Bomber Command in 1943

by Pierre 'Piet' MICHIELS with particular thanks to Phil BALL for the translation

Like their brothers who fought within Fighter Command,
thousands of young men joined Bomber Command to fight for Victory.
History will remember the bravery of the first,
while the sacrifice of Bomber Boys will be obscured.
They were crucial in the hell of war,
but they became politically incorrect once peace returned.
55,573 lost their lives; there has been no official tribute up to the Summer of 2012.

At the beginning of hostilities in 1939, Bomber Command consists of 55 Squadrons of which only 23 are operational and they are equipped primarily with the twin engine Wellington and Whitley and the light twin engine Hampden. Like the operations conducted by the Luftwaffe at that time, the raids are carried out in daylight.

These aircraft are flown by crews that do not recognize the need for an escort, relying on their own defences to combat the opposing fighters. Events will prove them wrong.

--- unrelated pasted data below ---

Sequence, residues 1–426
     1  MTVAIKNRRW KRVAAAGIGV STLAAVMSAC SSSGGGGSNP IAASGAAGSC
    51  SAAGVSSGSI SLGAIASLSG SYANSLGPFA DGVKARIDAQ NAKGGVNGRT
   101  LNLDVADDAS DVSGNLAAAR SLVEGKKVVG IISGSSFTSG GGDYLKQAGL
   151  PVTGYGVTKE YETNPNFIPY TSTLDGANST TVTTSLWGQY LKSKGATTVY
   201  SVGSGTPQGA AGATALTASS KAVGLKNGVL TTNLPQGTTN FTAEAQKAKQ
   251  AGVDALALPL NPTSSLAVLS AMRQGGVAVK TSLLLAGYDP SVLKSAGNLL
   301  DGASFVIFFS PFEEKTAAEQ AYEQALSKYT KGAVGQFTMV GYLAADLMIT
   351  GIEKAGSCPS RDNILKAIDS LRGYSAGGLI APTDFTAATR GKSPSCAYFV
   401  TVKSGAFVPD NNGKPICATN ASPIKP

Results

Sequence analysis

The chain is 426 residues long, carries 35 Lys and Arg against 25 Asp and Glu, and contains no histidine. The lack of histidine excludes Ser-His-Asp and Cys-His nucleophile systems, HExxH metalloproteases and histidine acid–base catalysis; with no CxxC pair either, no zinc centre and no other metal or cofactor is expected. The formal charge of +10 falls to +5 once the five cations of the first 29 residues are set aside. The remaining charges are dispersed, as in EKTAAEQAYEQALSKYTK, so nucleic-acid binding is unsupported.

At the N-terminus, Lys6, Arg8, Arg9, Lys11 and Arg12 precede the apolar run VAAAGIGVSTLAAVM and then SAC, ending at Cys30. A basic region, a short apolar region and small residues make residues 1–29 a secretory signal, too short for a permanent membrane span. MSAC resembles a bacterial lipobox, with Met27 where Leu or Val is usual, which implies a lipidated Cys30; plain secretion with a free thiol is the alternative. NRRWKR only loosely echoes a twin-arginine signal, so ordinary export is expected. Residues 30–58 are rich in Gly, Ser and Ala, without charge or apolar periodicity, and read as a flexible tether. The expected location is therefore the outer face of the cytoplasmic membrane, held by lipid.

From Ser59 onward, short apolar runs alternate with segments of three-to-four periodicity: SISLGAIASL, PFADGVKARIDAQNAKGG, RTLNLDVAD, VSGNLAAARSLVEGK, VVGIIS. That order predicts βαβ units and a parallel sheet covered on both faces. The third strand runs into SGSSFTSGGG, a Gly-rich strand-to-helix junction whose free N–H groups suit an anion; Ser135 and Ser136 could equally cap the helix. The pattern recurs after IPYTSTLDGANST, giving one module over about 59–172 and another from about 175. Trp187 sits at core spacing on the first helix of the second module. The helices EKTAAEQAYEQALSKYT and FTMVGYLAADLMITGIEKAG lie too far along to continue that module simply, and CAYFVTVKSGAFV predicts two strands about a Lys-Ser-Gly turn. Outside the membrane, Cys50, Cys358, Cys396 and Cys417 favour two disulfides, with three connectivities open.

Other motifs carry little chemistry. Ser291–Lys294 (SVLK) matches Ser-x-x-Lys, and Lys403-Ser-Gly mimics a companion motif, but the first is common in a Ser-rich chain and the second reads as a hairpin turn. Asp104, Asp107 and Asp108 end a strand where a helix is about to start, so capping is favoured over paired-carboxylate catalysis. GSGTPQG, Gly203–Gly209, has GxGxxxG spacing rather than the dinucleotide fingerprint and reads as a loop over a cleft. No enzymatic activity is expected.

Heavy losses since September 1939 obliged Bomber Command to focus on night flights, including propaganda leaflet drops. Bitterly, Harris, the future Commander in Chief of Bomber Command, later stated that these operations have had only the effect of substantially increasing the Reich’s stock of toilet paper...
These initial efforts demonstrate the ineffectiveness of Bomber Command at the beginning. The relative success of some raids is due mainly to the ability and courage of the crews. The bombers are the best that the RAF has albeit most are obsolete and devoid of any air navigation aid worthy of the name.

Crew training is lengthy but is not up-to-date in terms of modern warfare tactics.

In November and December 1939, in addition to recurring technical problems with oxygen supply, the bombers also encounter wing icing problems. Spying operations and propaganda leaflet drops are ending at worst in forced landings on French or neutral territories.

The phoney war quickly loses its name in the sky over the North Sea.
The raid on 18 December 1939 sees the almost complete destruction of the Wellington Squadron sent against the defences of the island of Heligoland on the German coast. These are twin-engine bombers and reasonably advanced for their time, but they are really inadequate to accomplish the tasks that Bomber Command has assigned to them.